You have skills. You have experience. You have qualifications. You’re ready to take on work!…
…But you also have an empty work diary. So, what’s stopping clients from saying yes? Here are our suggested reasons why you’re not getting freelance jobs.
You can tell clients you will do an amazing job for them – as can anyone. But where’s your evidence?
Samples of work and testimonials are your way of showing potential clients the depth, breadth and quality of your work. While it can be hard to build a portfolio at the beginning of your career, you may be able to do this by doing a project for a friend or charity.
You could also ask a company if you can do a ‘shadow project’ – you fulfil the same brief as their employee or freelancer and then ask them to comment on the work you’ve produced for it.
No Online Presence
You may be a technophobe and/or determined that you can run your freelance business without venturing near the evil internet.
Unfortunately, you’ll find very few potential clients feel the same. A basic website that introduces you, your work and your services is the minimum requirement (and you should have your own domain name to look professional).
A presence on industry-related sites and your own social media profiles or pages, too? Even better. Clients will check you out on the internet, whether you like it or not!
Slow Response Time
If a client asks a question or requests a quote, make getting back to them your priority. If you’re slow to respond to a query, they might think you’ll be slow to communicate when you’re working for them – or that you’ll take a long time to complete work. And if the work is urgent, they may not have time to wait for you.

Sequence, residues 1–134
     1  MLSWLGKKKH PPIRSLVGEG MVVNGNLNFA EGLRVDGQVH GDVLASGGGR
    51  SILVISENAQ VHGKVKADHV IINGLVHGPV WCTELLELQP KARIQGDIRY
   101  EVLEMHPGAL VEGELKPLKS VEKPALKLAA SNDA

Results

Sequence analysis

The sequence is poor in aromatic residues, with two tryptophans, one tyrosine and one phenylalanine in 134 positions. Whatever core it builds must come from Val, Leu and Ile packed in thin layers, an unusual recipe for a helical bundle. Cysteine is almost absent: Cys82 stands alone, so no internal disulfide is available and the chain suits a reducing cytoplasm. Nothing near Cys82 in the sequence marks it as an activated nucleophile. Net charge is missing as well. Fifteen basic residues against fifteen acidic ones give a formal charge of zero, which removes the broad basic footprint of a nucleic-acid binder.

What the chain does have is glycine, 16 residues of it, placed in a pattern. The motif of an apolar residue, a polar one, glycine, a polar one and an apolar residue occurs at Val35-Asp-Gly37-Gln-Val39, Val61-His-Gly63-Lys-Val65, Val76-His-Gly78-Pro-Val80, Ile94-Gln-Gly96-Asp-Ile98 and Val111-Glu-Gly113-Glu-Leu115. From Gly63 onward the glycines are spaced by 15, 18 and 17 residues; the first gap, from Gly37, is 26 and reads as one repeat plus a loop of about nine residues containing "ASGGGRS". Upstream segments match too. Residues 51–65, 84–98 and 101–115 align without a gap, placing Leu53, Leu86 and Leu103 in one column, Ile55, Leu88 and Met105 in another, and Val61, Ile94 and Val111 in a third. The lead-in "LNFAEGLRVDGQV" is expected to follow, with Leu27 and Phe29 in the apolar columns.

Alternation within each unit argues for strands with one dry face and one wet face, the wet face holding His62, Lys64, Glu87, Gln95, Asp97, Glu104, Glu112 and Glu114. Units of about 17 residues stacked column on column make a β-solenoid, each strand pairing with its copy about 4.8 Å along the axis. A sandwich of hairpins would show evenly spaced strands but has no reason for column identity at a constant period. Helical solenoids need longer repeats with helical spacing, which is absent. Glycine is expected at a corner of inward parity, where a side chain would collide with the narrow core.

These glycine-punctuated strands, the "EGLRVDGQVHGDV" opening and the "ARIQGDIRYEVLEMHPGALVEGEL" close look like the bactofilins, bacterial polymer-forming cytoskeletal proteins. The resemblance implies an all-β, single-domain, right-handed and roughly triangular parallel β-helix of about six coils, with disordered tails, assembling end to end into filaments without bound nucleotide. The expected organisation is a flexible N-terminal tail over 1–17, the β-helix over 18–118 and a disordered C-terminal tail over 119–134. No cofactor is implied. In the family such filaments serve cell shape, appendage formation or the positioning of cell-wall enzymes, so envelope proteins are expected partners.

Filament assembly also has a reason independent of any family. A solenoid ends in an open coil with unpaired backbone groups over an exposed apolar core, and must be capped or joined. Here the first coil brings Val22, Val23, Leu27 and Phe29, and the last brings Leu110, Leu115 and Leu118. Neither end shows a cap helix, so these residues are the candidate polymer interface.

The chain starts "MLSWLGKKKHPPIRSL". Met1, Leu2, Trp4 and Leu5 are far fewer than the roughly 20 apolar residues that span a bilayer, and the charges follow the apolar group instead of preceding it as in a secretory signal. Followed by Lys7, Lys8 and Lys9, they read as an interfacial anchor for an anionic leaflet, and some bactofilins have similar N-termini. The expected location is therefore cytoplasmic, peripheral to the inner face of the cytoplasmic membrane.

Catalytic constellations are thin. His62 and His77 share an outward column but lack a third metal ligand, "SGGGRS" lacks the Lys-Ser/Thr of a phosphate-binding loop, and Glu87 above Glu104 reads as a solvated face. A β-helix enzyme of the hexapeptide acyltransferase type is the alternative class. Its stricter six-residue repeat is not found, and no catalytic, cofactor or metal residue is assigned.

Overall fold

While you dither, they’re hiring someone else.
You’ve Let Your Desperation Show
Submit a carefully considered, timely pitch or proposal and then leave it well alone. Some freelancers leave it a day or two and then start to get twitchy if they’ve heard nothing. They contact the potential client again. They ask them what they thought.
A day later, they’re offering to reduce the price, do more work for the money, add a service…
If clients want to negotiate or ask questions, they’ll get back to you. This doesn’t mean you should never give them a gentle, polite nudge if time has gone by and you’ve had no response. However, bothering them constantly and changing your proposal makes you look desperate and unprofessional.
You Haven’t Answered the Question, ‘Why You?’
You may have costed your proposal to the penny and broken down everything in great detail – but so may many other freelancers after the same gig.
Have you sold yourself? Have you explained the expertise, experience and ideas you bring to the table? In this way, submitting a proposal for a gig is no different than applying for a highly competitive job vacancy or top university place. There may be many excellent candidates who fit the bill, so you must persuade the client that you’re the freelancer they need.
If you’re struggling to win contracts or keep clients interested, think carefully about whether you’re guilty of any of these unprofessional behaviours – and if you are, be sure to change them quickly!